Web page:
But is the matter of missing democracy really so simple? Does it make sense to render each of the three cases above in terms of a democracy to come, as a missing utopia? What if instead we consider each case in terms of the presence or realization of democracy, as what an existing, real, democracy looks like,? When we do, we realize that protestors invoke a democracy imagined as resistance. They appeal to practices of constitutionally protected questioning and critique. The organizers showing the Al-Jazeera film are democratically engaged, active citizens. Like the protestors, Bush, too, is following and invoking a democratic script, carrying out his mandate. He is executing a decision which, while necessarily in excess of the complex string of reasons and knowledge bearing upon it, takes place nonetheless within a space of power opened up and guaranteed by democratic procedures. And here, Gutmann and Thompson return as providers of insight into the knowledge of democracy. They don’t decide to go to war or contest the decision of going to war. Rather they set out the procedures through which decisions should be made. And from their perspective, from the perspective of the neutral knowledge of the university, democracy is proceeding apace. This is what democracy looks like.

According to Gutmann and Thompson, the practices of the Bush administration exemplify the fundamental characteristic of deliberative democracy—the requirement to give reasons. They point out that the administration “recognized an obligation to justify their views to their fellow citizens” and that it gave reasons for preemptive war. These reasons, Gutmann and Thompson claim, “laid the foundation for a more sustained and more informative debate after the US military victory.”9 As a commenter on my blog put it, it is as if they are saying “One good thing you can say about the war is despite all the death and destruction, it reinvigorates the postwar political debriefing process.”10 Gutmann and Thompson concede that the administration did not exhaust non-military options before shocking and awing the Iraqi people. Nevertheless, they marvel that “the remarkable fact is that even under the circumstances of war, and in the face of an alleged imminent threat, the government persisted in attempting to justify its decision.”11 They add that it is likely certain that “no amount of deliberation would have prevented the war.”12

View of New York’s Financial District from Governor’s Island.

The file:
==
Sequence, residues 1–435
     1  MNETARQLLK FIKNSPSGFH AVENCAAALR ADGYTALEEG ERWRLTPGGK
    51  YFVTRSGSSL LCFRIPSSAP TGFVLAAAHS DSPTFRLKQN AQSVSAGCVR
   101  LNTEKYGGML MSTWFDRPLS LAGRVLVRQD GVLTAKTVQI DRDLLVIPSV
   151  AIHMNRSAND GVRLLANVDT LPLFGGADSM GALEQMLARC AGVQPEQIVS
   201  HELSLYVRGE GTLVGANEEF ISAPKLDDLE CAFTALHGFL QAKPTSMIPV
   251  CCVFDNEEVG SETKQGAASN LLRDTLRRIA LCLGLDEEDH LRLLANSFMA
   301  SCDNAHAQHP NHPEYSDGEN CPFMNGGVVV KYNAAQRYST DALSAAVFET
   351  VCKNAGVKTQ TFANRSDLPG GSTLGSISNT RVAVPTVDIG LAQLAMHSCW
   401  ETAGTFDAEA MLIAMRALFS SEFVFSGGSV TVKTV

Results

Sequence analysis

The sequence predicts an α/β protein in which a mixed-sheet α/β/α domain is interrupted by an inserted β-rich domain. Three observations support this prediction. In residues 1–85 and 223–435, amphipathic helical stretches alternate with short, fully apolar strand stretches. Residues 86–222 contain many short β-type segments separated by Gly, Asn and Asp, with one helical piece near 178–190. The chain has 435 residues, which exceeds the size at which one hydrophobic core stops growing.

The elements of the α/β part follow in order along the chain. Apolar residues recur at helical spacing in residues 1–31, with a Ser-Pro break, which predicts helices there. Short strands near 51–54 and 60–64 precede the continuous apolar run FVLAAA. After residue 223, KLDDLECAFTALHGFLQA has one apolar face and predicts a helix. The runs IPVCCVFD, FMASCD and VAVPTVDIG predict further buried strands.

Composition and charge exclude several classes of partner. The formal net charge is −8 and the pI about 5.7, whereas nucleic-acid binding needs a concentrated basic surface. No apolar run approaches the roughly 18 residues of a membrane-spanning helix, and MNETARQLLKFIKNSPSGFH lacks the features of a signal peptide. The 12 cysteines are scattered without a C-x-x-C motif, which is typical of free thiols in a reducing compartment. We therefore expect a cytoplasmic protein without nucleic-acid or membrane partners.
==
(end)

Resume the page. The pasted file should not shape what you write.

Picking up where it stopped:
The Lack of Democracy

Both the missing and the present democracy readings are unsatisfying. Nevertheless, they are useful for elaborating a certain epistemological impasse in deliberative democracy, especially once we reread them in light of the different positions of enunciation at work in each explanation.13 If we frame the issue as one of missing democracy, the protestors seem to take on the position of hysterics. Why? Because they address their claims to a master, challenging his authority as they say, one, we need democracy, democracy is not what we have, and, two, because the demands they make seem fantastic, incapable of being filled by the master they address.

The claim that democracy is missing is difficult to take seriously. An anti-war position was there, in the streets, vividly stated by the millions all over the world on February 15, 2003. A democratically elected Congress voted to authorize the President to carry out military operations should diplomacy fail. Where, then, is the failure of democracy? The emptiness of the concept of democracy is a problem insofar as it isn’t clear what, exactly, the protestors might be demanding. What do they really want? Is it democracy or something else? And insofar as it isn’t clear what the protestors are demanding, it seems impossible to give them what they do want.

We should also ask whether the screening of the film is really intended to inspire democratic debate. Are pro-torture, anti-Islamists expected and encouraged to attend? Is this an opportunity for Christian conservatives to explain the benefits of Fox News or try to organize those at the screening to evict anti-American tenured radicals from the university? Since the answer to these questions is obviously “no,” the appeal to democracy seems disingenuous, a way of avoiding the true, partisan, position of the protestors, of masking the fact that their appeal is actually ruptured by a certain excess of power or desire that they can’t fully acknowledge. The organizers of the screening don’t really seek an inclusive conversation. They want organized political resistance, but they don’t state this directly. Instead, they appeal to democracy, shielding themselves from taking responsibility for the divisiveness of politics.